Consumer about the oncoming increase in the interest rate along with giving him an option to opt out. Choosing to opt out of the right interest rate will allow you to pay down the current balance at the original interest rate. However the creditor is most likely to close down your credit card account after that.

A creditor may not be required to inform a person about the increase in the interest rate if the increase in the interest rate is due to the person defaulting on the payment on the credit card.

In order to be prepared for the eventuality that your credit card rate may increase you should make sure that you have other credit cards as well. You should also try and make all your credit card payments on time although not all increase in the interest rate is due to bad payment history of the consumer. It can be a frustrating situation when your creditor increases your credit card interest rate in spite of few having a positive payment history. If you decide to opt out of the high interest rate you must remember that the creditor is most likely to close down your credit card account after you have paid off your current balance. You should ensure that you have other open credit cards so that your credit utilization ratio is not affected much by the closure of one credit card.

Sample Letter for Opting Out Of Rate Increase

Template to Opt-Out of Interest Rate Increase On Your Credit Card

Below is a letter you can use to opt-out of interest rate increases. Edit the bold words to fit your credit card information.

Date
Your Name
Your Address
Your City, State Zip
Credit Card Issuer
Address
City, State Zip
Re: Account Number XXXX-XXXX-XXXX-XXXX

To Whom It May Concern:

On January 15, 2009, I received a notice from you indicating an interest rate increase on the previously referenced account. Let this letter serve as my notification that I do not wish to pay the higher interest rate. I will continue paying my credit card balance at the current interest rate of 8.9%.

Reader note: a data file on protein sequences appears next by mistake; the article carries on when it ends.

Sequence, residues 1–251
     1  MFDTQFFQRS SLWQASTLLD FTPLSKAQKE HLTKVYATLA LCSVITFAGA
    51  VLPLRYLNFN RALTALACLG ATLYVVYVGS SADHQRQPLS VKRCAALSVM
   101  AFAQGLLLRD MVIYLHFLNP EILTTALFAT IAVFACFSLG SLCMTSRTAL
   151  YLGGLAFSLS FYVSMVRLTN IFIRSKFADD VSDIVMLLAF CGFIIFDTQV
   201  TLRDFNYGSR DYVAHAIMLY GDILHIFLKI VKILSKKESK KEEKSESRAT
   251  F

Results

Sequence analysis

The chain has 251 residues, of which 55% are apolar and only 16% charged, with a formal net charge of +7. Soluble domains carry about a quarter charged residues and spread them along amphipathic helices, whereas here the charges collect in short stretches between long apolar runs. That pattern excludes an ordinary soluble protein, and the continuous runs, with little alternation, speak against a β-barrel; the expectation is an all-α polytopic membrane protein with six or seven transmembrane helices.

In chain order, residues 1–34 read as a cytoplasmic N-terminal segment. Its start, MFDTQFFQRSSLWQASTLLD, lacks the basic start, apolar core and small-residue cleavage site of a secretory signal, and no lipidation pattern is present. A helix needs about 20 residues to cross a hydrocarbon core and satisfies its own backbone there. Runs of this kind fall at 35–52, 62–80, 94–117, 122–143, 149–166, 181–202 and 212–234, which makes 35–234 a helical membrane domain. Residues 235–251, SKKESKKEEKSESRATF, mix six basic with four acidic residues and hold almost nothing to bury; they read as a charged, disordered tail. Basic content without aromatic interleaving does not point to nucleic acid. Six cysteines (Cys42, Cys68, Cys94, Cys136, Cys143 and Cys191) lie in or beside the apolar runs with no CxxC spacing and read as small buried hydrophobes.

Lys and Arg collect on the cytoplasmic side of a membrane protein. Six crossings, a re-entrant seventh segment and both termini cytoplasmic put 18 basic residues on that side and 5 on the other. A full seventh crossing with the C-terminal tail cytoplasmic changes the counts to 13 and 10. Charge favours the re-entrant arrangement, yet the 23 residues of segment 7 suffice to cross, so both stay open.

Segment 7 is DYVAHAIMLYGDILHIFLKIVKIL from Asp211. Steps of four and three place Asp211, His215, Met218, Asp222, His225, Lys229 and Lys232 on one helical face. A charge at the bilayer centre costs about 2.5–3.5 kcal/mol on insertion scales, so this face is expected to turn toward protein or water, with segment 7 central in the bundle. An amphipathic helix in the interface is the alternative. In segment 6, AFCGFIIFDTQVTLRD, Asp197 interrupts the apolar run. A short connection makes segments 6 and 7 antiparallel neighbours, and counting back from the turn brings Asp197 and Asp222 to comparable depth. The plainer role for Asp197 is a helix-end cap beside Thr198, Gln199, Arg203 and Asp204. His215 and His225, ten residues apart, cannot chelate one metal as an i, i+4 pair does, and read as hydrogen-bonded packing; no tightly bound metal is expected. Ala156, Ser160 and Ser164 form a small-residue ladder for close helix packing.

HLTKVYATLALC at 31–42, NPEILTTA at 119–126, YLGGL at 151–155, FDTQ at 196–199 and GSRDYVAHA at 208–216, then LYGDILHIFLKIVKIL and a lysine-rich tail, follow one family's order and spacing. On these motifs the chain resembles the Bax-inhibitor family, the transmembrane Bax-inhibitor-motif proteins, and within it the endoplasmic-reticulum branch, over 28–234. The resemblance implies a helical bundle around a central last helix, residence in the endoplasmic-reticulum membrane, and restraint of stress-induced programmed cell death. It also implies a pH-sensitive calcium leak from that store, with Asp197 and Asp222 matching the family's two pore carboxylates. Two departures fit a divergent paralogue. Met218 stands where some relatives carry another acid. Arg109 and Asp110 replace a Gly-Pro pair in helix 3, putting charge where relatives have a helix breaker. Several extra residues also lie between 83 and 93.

Please confirm in writing to the address listed above that I have been opted-out of the higher interest rate.

Thank you for your anticipated cooperation in this matter.

Sincerely,
Your Name

Tips for Sending Your Opt-Out Letter

· Customize the bold words.

· To be effective, your opt-out letter must be sent within 15 days of receiving notification of the rate increase or by the date listed on your rate increase notification.

· Even if you opt-out by phone, it’s a good idea to follow up with a letter so that you have proof of opting-out if the credit card issuer misplaces your phone opt-out.

· Send your letter via certified mail with return receipt requested. Ideally, you should obtain a certified mailing label from the post office prior to printing your letter. That way you can include the 20-digit trakcing number on the certified mailing receipt number in your letter for extra proof.

· You can track the letter at USPS.com using the 20-digit tracking number on the certified mailing receipt. The return receipt will arrive in the mail a few days after the mail has actually been received.

· Follow up with the credit card issuer to be sure your opt-out was processed and to find out if and when your account will be closed.

Credit Card Companies Are Obliged To Lower Your Card Rate

Till sometime back it was up to the banks discretion whether to lower rate that was initially increased for certain reasons or not. There was nothing to compel them to reduce the increased interest rate. This pretty much put the banks and the creditors in control because they were under no obligation to review the situation and reduce an interest rate as long as the situation was working fine for them and making more money for them.